When thinking about children, communication and hearing loss, most people’s minds go straight to ideas about speech and listening, but there’s so much more than that to communication, and deaf children can turn out to be fantastic communicators, just as much so as their hearing peers. This section is all about communication, why it’s important and how we can nurture and help grow and develop good communication skills for deaf children. So for this introduction, let’s start with the basics.
The word ‘communication’ is derived from the Latin word for share, and sharing is all it’s really about. Communication is a two way street. It’s about understanding the thoughts, feelings and ideas of others by interpreting not just their language, but their tone, actions, gestures and even their facial expressions. It’s also about how we express our own ideas, thoughts and feelings to others in response to that.
Human beings are pack animals, and it’s in our nature to have interpersonal relationships with others. Good communication skills allow us to develop good relationships because they help us to empathise with and understand others and in turn, put across our own feelings. The mutual understanding that communication brings about helps us to better understand our own place within the world. Without good communication skills and the ability to empathise with others, children can start to lose confidence or become anxious as to how they should behave in certain situations. Communication also helps us to problem solve, helping us to feel supported and not alone in our problems. Asking for and accepting help from others is a major part of any child’s learning and whether using sign, speech or a combination of both, deaf children can be brilliant little communicators.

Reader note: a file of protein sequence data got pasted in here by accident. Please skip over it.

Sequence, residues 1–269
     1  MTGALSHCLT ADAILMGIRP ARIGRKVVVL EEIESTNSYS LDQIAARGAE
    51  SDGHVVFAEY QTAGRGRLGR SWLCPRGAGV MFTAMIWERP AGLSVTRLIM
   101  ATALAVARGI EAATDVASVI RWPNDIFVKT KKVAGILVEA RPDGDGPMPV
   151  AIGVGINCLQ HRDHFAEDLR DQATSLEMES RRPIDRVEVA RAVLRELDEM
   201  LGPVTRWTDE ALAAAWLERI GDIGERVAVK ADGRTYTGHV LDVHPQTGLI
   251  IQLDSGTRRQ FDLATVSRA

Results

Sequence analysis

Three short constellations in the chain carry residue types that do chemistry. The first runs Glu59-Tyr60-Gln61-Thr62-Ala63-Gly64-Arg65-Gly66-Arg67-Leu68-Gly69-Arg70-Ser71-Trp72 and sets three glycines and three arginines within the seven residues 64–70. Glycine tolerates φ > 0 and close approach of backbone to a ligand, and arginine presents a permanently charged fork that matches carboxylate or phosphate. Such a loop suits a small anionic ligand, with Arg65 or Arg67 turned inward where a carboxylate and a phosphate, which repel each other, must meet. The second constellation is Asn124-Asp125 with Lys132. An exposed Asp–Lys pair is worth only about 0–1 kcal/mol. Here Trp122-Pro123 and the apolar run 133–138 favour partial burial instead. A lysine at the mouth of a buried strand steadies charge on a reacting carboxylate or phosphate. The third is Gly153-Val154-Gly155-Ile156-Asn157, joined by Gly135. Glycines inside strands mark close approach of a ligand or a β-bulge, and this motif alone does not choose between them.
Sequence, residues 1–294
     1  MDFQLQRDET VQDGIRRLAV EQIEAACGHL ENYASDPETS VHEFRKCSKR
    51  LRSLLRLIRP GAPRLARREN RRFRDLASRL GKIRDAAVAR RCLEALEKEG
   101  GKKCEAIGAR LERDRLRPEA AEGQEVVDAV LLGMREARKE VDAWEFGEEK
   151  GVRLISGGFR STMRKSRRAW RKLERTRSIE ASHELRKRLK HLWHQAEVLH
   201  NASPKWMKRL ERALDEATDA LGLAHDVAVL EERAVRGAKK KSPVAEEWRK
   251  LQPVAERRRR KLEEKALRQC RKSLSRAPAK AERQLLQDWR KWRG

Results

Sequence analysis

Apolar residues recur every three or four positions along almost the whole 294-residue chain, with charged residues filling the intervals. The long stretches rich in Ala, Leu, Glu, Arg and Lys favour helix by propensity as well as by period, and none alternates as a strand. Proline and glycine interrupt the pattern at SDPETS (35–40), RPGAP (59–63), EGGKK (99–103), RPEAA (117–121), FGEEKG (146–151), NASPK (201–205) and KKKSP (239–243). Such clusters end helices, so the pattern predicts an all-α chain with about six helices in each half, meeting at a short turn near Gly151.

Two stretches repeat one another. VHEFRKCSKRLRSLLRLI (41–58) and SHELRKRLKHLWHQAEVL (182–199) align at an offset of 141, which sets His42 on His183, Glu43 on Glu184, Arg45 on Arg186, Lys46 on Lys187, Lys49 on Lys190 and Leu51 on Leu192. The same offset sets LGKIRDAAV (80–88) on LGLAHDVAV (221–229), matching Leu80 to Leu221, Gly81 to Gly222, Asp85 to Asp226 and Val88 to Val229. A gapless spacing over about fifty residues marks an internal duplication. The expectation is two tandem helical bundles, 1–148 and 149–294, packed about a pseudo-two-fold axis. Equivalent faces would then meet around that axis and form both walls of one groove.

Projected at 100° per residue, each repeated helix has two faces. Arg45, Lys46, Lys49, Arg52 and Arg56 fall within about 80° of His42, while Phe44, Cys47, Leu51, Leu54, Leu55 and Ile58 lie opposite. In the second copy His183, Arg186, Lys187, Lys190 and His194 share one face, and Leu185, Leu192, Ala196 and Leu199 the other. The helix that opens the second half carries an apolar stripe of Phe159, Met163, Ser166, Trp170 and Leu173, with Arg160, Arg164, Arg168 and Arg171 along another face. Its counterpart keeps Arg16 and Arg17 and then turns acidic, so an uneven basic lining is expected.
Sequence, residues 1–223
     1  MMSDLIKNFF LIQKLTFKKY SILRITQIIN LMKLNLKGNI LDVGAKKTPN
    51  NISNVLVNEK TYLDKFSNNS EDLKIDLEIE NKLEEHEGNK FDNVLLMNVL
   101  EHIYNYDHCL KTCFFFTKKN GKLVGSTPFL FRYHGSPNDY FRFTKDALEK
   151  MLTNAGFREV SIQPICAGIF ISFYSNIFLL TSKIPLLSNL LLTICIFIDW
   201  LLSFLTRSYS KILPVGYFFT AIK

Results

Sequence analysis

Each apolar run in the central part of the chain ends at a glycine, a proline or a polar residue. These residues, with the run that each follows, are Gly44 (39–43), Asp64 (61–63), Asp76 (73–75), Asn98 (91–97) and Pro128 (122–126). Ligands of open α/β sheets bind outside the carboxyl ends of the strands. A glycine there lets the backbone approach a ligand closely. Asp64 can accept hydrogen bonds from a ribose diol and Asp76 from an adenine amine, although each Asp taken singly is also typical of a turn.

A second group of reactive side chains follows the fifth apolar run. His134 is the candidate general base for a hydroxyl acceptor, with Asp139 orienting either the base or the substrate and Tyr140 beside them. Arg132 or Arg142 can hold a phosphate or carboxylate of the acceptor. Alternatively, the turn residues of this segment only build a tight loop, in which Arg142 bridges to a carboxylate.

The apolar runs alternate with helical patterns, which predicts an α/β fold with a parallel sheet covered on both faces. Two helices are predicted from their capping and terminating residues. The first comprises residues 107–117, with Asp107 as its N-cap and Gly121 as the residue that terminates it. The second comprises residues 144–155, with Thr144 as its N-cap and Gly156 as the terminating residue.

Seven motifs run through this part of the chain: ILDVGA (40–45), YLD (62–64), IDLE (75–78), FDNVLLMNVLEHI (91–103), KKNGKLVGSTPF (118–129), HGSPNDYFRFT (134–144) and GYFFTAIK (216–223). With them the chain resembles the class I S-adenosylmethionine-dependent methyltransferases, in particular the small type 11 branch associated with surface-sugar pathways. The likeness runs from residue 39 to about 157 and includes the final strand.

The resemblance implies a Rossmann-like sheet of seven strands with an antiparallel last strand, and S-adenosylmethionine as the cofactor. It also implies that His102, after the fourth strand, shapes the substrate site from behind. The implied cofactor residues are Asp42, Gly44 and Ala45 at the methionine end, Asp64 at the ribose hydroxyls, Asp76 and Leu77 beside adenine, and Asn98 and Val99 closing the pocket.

When it comes to language, professionals in child development will talk about receptive and expressive language. Receptive language refers to what we understand from others, whereas expressive language is what we use ourselves. Good communication is crucial in order to develop good relationships, to learn, to share experiences and to appreciate and understand the thoughts and feelings of others. Far from just being about little ones, for children and adults alike, the need for good communication skills will grow, just as we do.
Before there was hearing screening at birth, hearing loss was detected much later than it often is today. Deafness was often only investigated at all once there was a significant delay in speech or understanding of language. The quicker a deafness is identified and treated, the less chance there is in developmental delays occurring. Recent research shows that with effective professional and parental intervention, along with early diagnosis, language outcomes for children with hearing loss can be similar to those for hearing children.
No doubt, whether we use sign, speech or a combination of both, communicating effectively with our deaf child is crucial both for their learning now and for preparing them for good relationships with others in the future. This section of My Little Ears was made to try to give tips to parents to help start and maintain good communication habits for little ones with hearing loss.